March 2010

AAJ Staff By

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Gerald Clayton

Village Vanguard

New York, NY February 11, 2010

To start, pianist Gerald Clayton ought to have won that Grammy for his solo on "All of You," from his debut Two-Shade, a burning 2009 trio album that was picked up by Emarcy (from ArtistShare) for wider release in 2010. Along with the Grammy nomination, Clayton also had the honor of a weeklong stint at the Village Vanguard in early February. As he, bassist Joe Sanders and drummer Justin Brown got further into their first Thursday set (Feb. 11th), something seemed a little off—the piano sound lacked presence and definition and the whip-cracking rapport of Two-Shade proved just out of reach. A slightly adjusted mix could have made all the difference. Still, there were bristling moments and the trio's command of the material, from the opening vamp-blues "No Manual" to the Duke Pearson ballad "You Know I Care" to the flowing 3/4 pulse of Sanders' composition "A Joy and Sorrow," was never in question. Brown overplayed the room in his more excitable moments, further unbalancing the mix, although his intricate brushwork and sense of space brought a gleam to the R&B-tinged Clayton original "Two Heads One Pillow" and Dizzy Gillespie's "Con Alma." The latter, a solo piano track on Two-Shade, gained a new assurance in the trio setting. Clayton dug in with old-school, richly voiced block chords and threw in an ingenious wrinkle—a dreamy 12/8 vamp beginning just before the end of the bridge that seemed to liberate the band and show off its every strength.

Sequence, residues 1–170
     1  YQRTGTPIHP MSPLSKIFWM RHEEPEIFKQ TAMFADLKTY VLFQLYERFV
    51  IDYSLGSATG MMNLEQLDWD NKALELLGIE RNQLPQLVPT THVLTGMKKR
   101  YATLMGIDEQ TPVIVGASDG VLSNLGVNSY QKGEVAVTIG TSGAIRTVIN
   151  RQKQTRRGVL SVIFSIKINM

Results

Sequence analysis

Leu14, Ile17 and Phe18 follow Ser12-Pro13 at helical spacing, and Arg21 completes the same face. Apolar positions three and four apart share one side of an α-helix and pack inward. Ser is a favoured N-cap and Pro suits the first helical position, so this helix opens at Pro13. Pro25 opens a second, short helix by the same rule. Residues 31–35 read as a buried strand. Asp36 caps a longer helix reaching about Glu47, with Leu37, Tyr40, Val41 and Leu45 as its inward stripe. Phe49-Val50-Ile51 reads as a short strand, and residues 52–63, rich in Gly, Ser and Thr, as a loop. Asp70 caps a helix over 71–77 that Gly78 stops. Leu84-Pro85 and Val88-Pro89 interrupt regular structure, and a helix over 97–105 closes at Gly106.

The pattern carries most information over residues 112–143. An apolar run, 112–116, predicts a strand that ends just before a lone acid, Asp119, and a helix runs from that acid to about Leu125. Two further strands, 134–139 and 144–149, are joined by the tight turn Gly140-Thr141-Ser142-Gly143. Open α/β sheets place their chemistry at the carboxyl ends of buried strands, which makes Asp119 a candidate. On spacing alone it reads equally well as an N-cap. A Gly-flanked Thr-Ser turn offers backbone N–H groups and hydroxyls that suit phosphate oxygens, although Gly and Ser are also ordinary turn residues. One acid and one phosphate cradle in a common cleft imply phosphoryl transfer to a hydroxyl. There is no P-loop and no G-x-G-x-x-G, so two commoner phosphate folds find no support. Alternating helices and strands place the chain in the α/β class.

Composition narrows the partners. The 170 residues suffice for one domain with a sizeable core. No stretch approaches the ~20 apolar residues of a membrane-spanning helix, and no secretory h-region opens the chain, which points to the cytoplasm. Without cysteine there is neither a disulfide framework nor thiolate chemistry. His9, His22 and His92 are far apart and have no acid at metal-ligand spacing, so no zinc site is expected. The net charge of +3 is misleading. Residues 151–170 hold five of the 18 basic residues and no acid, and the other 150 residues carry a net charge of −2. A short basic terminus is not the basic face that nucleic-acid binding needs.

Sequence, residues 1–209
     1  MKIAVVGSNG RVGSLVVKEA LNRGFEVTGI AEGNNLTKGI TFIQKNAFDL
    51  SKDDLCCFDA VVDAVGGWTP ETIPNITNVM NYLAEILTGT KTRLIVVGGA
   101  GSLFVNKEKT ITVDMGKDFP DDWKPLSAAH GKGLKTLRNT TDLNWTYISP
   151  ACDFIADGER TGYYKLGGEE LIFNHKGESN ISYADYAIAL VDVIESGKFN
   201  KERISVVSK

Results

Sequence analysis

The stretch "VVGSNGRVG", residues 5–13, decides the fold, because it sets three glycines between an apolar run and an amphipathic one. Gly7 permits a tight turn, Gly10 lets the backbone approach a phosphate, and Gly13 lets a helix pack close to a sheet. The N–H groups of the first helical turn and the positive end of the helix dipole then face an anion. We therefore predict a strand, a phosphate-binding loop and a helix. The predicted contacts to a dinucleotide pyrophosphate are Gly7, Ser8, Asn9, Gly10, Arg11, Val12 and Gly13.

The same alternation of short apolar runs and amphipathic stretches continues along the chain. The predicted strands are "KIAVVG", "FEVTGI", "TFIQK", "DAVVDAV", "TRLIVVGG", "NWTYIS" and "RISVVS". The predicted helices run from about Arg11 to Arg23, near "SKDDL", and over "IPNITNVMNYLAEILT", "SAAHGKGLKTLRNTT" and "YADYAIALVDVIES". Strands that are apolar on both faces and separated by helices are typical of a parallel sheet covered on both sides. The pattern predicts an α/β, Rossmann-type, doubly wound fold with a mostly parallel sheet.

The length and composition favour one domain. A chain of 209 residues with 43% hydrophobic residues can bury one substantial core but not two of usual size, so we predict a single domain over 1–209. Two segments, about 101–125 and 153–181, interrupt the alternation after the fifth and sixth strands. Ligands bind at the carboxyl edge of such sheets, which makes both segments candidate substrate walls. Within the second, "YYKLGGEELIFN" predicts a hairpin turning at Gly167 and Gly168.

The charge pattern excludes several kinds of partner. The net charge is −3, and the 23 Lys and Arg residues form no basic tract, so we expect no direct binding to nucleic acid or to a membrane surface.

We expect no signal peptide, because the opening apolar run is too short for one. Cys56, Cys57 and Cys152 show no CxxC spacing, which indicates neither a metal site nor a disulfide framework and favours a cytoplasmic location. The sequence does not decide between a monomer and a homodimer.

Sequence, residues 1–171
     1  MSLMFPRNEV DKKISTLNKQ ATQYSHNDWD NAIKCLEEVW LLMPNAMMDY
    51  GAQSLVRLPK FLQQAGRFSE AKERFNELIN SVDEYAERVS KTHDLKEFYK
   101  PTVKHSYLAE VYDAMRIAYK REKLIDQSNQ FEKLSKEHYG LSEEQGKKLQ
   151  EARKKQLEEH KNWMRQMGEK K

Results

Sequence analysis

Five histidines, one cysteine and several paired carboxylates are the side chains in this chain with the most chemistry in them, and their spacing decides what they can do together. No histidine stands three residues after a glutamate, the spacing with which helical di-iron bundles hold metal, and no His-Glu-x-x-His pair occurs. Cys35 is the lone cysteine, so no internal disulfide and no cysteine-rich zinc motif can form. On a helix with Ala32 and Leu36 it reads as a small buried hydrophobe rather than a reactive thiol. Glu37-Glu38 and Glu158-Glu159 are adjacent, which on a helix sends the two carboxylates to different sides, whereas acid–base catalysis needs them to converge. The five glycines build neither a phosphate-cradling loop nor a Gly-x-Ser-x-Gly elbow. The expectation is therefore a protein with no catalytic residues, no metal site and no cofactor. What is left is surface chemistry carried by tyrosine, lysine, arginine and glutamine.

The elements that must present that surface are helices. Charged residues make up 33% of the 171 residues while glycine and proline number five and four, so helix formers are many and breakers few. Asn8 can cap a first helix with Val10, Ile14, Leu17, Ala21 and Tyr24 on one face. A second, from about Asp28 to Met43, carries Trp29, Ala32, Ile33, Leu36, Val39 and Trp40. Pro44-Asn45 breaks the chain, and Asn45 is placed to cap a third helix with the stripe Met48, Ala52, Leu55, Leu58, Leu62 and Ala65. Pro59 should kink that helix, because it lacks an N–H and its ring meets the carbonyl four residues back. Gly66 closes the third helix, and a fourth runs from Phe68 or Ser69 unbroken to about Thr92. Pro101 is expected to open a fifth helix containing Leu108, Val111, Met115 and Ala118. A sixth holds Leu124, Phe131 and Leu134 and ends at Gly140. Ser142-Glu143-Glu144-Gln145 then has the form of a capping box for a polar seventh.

Vijay Iyer & Mike Ladd

The Gate House

New York City

February 10, 2010

Following the success of In What Language? and Still Life with Commentator, pianist Vijay Iyer and poet Mike Ladd are developing another topical multimedia show with the provisional title "Holding It Down." Their theme this time: the war-haunted dreams of US military combat veterans of Iraq and Afghanistan. A work-in-progress performance at the HarlemStage Gatehouse (Feb. 10th) found Iyer and Ladd in a new partnership with Iraq veteran Maurice Decaul, whose dream-based poetry formed a major part of the song cycle. Decaul is not a natural performer; he seemed rather out of place next to the stylish powerhouse vocalists Guillermo Brown, Pamela Z and Ladd himself. But airing his psychic wounds in this public way took tremendous courage. What Decaul, Iyer and Ladd are doing is a kind of public service, a "call for submissions" from other veterans (vetsdreams.blogspot.com) and an assessment of war's toll on the American body politic. Steering clear of ideological harangue, the piece encouraged a sense of shared humanity as much as it highlighted the rocking, asymmetric beats of drummer Kassa Overall, the atmospheric yet hearty guitar of Liberty Ellman and the resonant attack of cellist Okkyung Lee. Iyer's rumbling, trilling piano figures and doleful cadences—a recurring hallmark of these Ladd coproductions—gave way in places to laptop-generated swirls and fragmentary sound fields, all just a hint of where the project will ultimately go.

—David R. Adler

Henry Threadgill

Jazz Gallery

New York, NY

February 11, 2010